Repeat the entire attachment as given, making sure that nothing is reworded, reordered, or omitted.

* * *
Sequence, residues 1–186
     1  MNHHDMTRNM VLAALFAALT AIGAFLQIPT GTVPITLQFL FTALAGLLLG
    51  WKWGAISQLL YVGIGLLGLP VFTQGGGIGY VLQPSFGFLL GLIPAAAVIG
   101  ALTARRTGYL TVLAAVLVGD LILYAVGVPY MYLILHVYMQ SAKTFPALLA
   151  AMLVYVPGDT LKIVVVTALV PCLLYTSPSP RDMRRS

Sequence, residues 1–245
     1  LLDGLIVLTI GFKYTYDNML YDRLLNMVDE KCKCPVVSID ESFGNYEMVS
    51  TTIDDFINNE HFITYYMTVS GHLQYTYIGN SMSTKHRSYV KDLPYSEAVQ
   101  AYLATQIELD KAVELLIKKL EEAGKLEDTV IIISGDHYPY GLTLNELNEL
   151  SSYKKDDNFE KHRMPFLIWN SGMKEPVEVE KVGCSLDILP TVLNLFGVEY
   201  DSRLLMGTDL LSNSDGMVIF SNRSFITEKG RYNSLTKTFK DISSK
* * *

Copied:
Sequence, residues 1–186
     1  MNHHDMTRNM VLAALFAALT AIGAFLQIPT GTVPITLQFL FTALAGLLLG
    51  WKWGAISQLL YVGIGLLGLP VFTQGGGIGY VLQPSFGFLL GLIPAAAVIG
   101  ALTARRTGYL TVLAAVLVGD LILYAVGVPY MYLILHVYMQ SAKTFPALLA
   151  AMLVYVPGDT LKIVVVTALV PCLLYTSPSP RDMRRS

Sequence, residues 1–245
     1  LLDGLIVLTI GFKYTYDNML YDRLLNMVDE KCKCPVVSID ESFGNYEMVS
    51  TTIDDFINNE HFITYYMTVS GHLQYTYIGN SMSTKHRSYV KDLPYSEAVQ
   101  AYLATQIELD KAVELLIKKL EEAGKLEDTV IIISGDHYPY GLTLNELNEL
   151  SSYKKDDNFE KHRMPFLIWN SGMKEPVEVE KVGCSLDILP TVLNLFGVEY
   201  DSRLLMGTDL LSNSDGMVIF SNRSFITEKG RYNSLTKTFK DISSK